Any type of pain that incapacitates one from doing everyday tasks can be debilitating to the body and self. According to the Migraine Research Foundation, migraines are ranked to be in the world’s top twenty most disabling medical illnesses (n.d.). “Migraines have been estimated to affect 8.7 million women and 2.6 million men in the United States at an estimated cost of 6.5 to 17.2 billion dollars a year” (Kinart, Cuppett, & Berg, 2002). Many doctors cannot pinpoint the cause of migraines in any particular individual because of chemical differences in all of us, but they have come up with certain facts that have helped some. This paper demonstrates a brief history of migraines, the symptoms of this disorder, what happens in the central nervous system, treatment for this disorder and finally a summation.
The American Heritage® Stedman’s Medical Dictionary defines migraine as, “A severe recurring headache, usually affecting only one side of the head, that is characterized by sharp pain and is often accompanied by nausea, vomiting, and visual disturbances. Also called hemicrania, megrim, [and] sick headach” (n.d.). Migraine is a French word which came from the Latin word hemicrania and a more commonly used word hemicranium after a series of changes from the Medieval Latin of the following words hemigranea, hemigrania, migranea, migrana; these Latin terms were borrowed from the Greek word hemicrania to begin with (Lardreau, 2012). Migraines were once considered to be a pain caused by the constriction or expansion of blood vessels, but now new research has made it evident that it could be neurogenic and they are dependent on signals from the trigeminal nerve. The trigeminal nerve delivers sensation to most of the head including the meninges, skin, cornea, sinuses, and teeth. When pain sensors are active within the trigeminal nerve, it can then trigger constriction or expansion of blood vessels. The connection between trigeminal activation and the reaction of the cranial blood vessels is called trigeminovascular pathway (Werner, 2013).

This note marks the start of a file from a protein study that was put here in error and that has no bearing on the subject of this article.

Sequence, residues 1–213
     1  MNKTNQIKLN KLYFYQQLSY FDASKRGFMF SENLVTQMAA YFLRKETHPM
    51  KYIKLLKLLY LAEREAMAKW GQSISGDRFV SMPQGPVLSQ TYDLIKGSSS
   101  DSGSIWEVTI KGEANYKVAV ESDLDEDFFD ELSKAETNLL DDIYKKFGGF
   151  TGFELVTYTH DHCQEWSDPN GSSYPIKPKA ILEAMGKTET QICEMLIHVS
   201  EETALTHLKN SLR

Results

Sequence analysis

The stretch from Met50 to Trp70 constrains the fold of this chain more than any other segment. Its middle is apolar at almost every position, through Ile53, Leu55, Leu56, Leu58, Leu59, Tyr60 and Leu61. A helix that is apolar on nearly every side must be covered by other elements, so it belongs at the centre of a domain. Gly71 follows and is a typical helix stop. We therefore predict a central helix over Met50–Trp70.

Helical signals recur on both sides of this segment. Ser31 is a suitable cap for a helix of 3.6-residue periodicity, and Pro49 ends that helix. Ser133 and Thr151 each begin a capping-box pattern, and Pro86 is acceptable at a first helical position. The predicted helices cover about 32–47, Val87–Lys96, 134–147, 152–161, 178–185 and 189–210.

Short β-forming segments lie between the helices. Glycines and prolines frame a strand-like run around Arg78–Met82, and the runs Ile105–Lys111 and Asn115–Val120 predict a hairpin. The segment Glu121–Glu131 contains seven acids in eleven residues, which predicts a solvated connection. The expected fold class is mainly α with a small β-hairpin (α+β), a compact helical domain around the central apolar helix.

At early childhood both boys and girls can get migraines and at the same rate. At puberty, girls tend to get more migraines than the boys. Then, at adulthood, women are three times more likely to get migraines than men; researchers cannot say why this leap is so great but they don’t think it has to do with female hormones since men still get migraines. However, they do believe estrogen or a fluctuation of hormones is a trigger that causes an intensity of pain in some women when they are menstruating, pregnant, or menopausal. Although for some women menopause has taken their migraines away, doctors still do not believe it is the cause of the greater rate; that is yet to be explained (Tepper, 2004). There have been few documented studies about migraines and race, so it is difficult to state which race it affects more without more facts. There is evidence that migraines are genetic (Tepper, 2004).